Today, when I was “mind-coding”, i.e. writing applications in my head (which I tend to do pretty often actually), I started building a Blazor application that shared data across multiple clients. In a Blazor Server application, all data modifications happen on the server. Data then gets sent back to the client over a SignalR connection. Normally, the data on the server changes in response to an action that the user takes. For instance clicking a button or typing in some text in a text box. But that does not have to be the case. The trigger to change the data on the server might just as well come from outside of the application.
So I had to try this out in practice as well, and not just in theory. That’s why I created this sample application on my GitHub account. this article describes the main points of that application.
The Blazor Timer Application
The sample timer application is dead-simple. The main purpose is just to show you the concept of sharing data across multiple clients. You start it on one client, and the time starts ticking on all clients currently on the page.
The concept works. I’ve deployed the application to Azure, and tried running it simultaneously on my laptop and mobile phone. The changes occur in real-time on all clients.
The magic happens in the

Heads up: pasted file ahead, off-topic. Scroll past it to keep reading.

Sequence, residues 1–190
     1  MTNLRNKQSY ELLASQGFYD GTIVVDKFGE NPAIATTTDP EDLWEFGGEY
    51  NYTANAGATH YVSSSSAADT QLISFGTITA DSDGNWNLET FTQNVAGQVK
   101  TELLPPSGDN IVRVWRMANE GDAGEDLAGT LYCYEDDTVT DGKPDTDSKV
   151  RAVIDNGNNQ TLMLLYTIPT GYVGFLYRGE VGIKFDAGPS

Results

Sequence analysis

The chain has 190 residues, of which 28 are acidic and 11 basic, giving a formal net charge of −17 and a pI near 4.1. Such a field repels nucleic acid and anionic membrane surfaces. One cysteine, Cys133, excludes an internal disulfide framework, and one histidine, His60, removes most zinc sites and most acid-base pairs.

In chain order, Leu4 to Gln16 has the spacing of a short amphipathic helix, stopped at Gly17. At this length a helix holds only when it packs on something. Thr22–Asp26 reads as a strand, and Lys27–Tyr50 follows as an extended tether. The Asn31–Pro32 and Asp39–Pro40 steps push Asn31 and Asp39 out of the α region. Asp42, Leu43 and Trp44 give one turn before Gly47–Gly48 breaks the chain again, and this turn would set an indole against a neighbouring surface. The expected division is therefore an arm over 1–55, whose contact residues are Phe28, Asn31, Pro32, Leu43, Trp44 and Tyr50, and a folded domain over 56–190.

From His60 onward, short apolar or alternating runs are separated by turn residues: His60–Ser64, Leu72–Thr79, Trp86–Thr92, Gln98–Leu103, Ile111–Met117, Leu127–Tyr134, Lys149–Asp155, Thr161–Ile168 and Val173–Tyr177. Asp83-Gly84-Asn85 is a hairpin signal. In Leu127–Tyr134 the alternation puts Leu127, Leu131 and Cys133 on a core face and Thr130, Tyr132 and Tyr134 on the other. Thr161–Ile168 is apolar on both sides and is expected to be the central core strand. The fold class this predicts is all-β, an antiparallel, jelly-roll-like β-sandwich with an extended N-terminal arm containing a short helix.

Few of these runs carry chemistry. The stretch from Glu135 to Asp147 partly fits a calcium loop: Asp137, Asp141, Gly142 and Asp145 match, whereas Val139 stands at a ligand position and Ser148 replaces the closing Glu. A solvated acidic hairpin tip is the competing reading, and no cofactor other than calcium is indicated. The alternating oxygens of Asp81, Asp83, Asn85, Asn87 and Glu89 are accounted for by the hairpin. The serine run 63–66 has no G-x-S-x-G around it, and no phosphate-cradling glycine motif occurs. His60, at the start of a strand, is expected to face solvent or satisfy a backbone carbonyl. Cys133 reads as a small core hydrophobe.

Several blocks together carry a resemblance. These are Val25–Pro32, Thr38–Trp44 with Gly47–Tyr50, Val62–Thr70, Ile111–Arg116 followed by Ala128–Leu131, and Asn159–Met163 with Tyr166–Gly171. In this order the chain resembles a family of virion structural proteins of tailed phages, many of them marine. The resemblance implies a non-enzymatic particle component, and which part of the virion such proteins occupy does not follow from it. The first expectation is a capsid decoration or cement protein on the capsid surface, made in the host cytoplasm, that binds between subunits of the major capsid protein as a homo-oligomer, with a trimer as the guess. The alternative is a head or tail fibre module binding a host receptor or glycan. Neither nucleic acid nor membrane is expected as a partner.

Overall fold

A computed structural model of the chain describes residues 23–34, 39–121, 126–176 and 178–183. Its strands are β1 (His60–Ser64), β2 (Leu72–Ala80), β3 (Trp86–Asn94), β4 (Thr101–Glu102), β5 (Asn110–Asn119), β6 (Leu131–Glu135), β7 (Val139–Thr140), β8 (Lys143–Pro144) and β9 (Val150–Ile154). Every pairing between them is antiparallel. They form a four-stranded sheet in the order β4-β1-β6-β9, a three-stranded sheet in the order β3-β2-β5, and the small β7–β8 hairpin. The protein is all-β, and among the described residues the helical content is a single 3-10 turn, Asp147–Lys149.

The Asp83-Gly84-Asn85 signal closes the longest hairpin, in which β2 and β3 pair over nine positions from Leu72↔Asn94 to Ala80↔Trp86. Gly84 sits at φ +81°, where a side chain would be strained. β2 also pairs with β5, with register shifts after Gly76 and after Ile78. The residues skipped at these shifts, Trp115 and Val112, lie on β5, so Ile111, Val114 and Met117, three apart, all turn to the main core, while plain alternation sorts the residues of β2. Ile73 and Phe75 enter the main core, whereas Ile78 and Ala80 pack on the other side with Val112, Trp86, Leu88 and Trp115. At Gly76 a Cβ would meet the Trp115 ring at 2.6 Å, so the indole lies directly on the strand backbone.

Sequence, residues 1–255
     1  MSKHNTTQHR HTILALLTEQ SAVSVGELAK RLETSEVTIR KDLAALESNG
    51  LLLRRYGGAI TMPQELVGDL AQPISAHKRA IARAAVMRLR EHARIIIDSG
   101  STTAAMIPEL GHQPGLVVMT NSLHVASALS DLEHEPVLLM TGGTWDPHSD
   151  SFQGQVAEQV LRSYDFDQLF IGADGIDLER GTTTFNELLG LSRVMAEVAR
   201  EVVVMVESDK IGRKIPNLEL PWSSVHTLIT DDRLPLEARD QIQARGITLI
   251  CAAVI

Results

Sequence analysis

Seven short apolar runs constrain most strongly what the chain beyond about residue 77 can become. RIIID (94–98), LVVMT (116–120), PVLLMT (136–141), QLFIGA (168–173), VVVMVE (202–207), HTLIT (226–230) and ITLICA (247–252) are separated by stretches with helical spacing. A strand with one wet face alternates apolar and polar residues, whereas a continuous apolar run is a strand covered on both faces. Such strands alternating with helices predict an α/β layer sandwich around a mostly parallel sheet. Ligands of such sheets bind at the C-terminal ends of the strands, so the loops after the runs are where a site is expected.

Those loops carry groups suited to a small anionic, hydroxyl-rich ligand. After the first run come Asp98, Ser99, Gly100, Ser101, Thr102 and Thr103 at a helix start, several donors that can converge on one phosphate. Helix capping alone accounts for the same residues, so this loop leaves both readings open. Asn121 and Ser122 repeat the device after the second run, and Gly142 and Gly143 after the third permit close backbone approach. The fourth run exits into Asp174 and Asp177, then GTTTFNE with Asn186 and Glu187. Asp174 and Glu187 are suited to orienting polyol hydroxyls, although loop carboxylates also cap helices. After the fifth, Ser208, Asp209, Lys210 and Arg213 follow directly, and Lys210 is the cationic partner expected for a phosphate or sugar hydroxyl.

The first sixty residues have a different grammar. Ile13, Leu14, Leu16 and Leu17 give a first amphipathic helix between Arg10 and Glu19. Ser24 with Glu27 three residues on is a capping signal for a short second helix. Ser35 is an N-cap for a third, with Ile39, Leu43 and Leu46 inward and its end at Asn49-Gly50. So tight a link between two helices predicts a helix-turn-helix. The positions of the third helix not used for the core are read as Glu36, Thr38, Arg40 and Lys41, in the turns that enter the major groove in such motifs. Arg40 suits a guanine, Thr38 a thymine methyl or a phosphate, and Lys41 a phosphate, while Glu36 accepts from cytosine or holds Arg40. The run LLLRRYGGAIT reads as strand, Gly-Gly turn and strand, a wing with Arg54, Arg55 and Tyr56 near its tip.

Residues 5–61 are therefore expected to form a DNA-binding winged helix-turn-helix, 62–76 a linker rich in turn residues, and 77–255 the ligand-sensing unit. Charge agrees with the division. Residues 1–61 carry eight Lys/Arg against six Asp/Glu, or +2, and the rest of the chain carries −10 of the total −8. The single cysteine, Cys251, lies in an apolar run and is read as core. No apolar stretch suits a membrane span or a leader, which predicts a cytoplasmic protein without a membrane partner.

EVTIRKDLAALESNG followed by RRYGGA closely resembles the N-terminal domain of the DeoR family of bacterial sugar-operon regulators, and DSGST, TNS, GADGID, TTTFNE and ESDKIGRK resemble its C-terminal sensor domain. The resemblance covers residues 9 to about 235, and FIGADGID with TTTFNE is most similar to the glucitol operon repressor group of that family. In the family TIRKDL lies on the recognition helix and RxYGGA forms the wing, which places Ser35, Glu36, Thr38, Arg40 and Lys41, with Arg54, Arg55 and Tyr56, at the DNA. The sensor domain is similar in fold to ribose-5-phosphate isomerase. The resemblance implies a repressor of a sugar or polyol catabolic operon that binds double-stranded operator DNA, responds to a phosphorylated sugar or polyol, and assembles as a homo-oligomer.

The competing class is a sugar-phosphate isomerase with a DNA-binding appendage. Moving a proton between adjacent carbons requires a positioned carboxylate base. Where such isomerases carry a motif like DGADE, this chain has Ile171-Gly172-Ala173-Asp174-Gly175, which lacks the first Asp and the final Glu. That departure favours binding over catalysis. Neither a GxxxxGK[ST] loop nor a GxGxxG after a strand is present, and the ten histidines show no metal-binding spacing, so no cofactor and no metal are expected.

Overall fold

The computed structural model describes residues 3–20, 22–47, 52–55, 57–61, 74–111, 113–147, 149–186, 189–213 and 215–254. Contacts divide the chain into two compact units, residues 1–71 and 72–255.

Timer.razor page and its code-behind file
Timer.razor.cs. When the start button in the UI is clicked, it calls the
StartAsync() method in the code-behind class. This method starts the timer instance defined by the class. The timer is triggered every second. Each time the static counter
SharedTotalSeconds is incremented. In addition, the static
OnTimerChanged event is also triggered to signal all connected clients that the timer has been updated. The rest is then just normal event handling where the value displayed in the timer is calculated from the total number of seconds.
Obviously, you need to implement this in a bit more robust fashion for production use. But the concept is still the same. You update a shared data source such as a database or table. Then you trigger an event that gets delivered to every connected client. Each client then updates their own state from the shared information
You can probably think of lots of different use cases for this, ranging from chat applications to real-time scoreboards and monitoring applications. I already have a few ideas where I’m going build on this pattern, but more about those in a future article. Have fun!